Hoarding is a serious problem for some people and their families. The behavior has become well-known to the public through television shows and media that uncover hoarders and their homes, typically posing a solution to their problems and shedding some light on the cause of the behavior in the first place.
The causes of this disorder are numerous, though, and can’t be summed up in a couple of episodes of reality TV. There are a lot of characteristics of a hoarder, and we’re here to shed some light on a few of them for you.
Characteristics of a Hoarder:
Hoarding Disorder is a classified psychiatric disorder that is listed in the Diagnostic and Statistical Manual (DSM). This means that the need to keep and collect personal possessions is a result of a wider situation in a person’s life, and the behavior is not trivial or something to be laughed at.
Hoarders are not all the same and understanding hoarding requires that you look at each case individually. With that in mind, here are 7 characteristics that many hoarders share:
1. Difficulty Parting With Possessions:
Everyone has an item or two tucked away that holds a lot of sentimental value. It seems reasonable to hang on to your dad’s high-school baseball glove or a love letter between your grandparents when they were young.
Hoarders feel the need to keep almost everything that enters their home. Newspapers, old trash, clothes, everything. Many of the items they hang on to don’t seem to have a lot of value to the outside eye. These things are extremely difficult for hoarders to part with.
2. Cluttered Living Space:
Hoarders value their collections of items more than they do cleanliness of their homes. The home of a hoarder might be filled with boxes, stacks of papers, and old random things, but void of any pathway to walk through.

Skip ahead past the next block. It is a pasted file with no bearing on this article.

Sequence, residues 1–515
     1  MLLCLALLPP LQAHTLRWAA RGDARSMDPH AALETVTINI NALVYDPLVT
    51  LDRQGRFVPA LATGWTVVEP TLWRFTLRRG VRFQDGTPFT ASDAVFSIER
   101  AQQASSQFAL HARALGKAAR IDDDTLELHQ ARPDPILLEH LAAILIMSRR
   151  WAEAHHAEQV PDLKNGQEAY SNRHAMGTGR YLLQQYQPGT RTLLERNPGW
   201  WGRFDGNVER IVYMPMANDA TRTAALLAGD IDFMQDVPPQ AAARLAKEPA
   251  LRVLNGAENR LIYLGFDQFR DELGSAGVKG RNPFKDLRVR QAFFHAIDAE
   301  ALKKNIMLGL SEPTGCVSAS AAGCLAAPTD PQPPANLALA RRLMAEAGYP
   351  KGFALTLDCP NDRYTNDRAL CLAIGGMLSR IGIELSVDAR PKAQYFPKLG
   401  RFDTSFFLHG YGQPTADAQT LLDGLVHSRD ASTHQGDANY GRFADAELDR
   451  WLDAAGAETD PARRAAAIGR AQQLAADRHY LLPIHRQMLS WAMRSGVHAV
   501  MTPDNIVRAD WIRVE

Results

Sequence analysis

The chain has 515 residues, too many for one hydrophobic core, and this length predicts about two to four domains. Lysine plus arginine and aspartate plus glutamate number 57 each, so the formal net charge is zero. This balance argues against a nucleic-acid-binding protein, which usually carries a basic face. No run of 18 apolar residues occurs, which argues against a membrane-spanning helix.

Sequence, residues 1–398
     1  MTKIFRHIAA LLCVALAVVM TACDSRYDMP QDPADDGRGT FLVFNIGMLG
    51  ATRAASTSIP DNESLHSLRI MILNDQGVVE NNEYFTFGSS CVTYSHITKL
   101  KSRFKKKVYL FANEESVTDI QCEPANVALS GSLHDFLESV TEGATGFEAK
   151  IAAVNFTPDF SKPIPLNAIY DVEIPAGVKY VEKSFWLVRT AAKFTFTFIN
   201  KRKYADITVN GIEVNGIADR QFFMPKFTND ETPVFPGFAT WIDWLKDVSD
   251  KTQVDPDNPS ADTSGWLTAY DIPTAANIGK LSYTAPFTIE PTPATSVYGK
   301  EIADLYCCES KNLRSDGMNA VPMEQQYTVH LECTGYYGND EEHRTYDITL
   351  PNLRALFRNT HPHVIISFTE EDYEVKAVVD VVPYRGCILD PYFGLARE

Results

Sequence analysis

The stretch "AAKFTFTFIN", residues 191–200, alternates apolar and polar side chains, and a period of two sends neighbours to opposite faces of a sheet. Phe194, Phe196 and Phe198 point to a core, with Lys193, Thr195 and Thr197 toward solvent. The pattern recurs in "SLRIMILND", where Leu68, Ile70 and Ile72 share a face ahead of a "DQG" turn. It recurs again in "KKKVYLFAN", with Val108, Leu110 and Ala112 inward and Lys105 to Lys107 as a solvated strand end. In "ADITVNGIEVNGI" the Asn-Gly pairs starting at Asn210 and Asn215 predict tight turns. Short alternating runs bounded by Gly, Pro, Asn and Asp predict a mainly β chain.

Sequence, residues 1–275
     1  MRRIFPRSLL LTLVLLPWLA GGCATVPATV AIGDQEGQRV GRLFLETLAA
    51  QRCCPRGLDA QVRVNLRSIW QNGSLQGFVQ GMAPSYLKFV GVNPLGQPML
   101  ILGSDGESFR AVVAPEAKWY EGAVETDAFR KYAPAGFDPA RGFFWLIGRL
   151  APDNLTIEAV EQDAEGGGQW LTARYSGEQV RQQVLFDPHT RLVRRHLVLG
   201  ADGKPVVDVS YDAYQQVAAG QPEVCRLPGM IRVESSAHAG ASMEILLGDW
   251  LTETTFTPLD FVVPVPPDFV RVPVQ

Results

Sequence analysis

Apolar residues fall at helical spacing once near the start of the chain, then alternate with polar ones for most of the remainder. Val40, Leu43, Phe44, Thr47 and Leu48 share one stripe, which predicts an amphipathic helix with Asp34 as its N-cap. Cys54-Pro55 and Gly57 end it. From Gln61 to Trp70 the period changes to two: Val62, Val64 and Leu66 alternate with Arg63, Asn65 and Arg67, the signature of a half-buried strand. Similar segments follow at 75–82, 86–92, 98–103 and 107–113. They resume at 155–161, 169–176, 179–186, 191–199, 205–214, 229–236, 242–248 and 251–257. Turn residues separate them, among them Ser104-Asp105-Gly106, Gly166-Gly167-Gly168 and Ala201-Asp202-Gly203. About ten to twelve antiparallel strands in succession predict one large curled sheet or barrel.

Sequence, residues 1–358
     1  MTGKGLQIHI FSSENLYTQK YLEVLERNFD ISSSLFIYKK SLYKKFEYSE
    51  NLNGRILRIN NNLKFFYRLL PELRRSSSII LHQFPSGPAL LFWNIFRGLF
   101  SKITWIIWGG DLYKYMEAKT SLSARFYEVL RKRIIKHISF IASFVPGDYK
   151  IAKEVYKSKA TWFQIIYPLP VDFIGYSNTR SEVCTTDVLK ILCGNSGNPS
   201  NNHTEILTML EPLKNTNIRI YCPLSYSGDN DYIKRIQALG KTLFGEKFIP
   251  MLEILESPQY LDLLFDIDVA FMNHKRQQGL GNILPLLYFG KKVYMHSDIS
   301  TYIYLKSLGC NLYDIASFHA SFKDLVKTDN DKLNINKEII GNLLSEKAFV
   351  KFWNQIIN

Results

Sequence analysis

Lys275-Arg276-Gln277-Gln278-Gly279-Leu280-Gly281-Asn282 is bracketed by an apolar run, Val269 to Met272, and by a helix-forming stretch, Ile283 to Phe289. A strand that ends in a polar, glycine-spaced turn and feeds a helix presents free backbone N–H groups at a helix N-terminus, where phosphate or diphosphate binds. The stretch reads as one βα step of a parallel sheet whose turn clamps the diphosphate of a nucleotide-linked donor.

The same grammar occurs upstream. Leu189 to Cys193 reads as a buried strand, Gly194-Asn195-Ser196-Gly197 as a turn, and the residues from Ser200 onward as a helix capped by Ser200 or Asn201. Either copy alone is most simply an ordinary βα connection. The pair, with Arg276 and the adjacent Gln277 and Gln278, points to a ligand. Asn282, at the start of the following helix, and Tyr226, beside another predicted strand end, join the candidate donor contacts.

In extreme cases, only the most spaces in a home that are essential (toilet, sink, refrigerator, bed) are left open.
3. Recognition of the Problem:
Many hoarders understand that what they’re doing is a problem. There’s often a level of guilt and shame involved. This is because the hoarding behavior, when severe, can seriously interfere with a person’s social and family life.
Guests typically aren’t welcomed into the house, children living in the home can’t invite their friends over, and social circles get frustrated that a person seems to be doing this to themselves.
In the face of this, the disorder is a real psychiatric problem. It’s extremely difficult to overcome.
At the same time, a lot of people with hoarders disorder don’t have a lot of insight into the severity of their problem. This could be for a couple of reasons.
First, it’s not a pleasant thing to acknowledge in yourself. In other words, it’s natural to be in denial about the fact that you’re showing signs of a mental disorder. Especially when that disorder has been blown up by the media in a semi-negative light.
Second, many hoarders keep their homes separate from their social lives. Creating an environment where people don’t have the ability to comment on or criticize your behavior is conducive to that behavior continuing.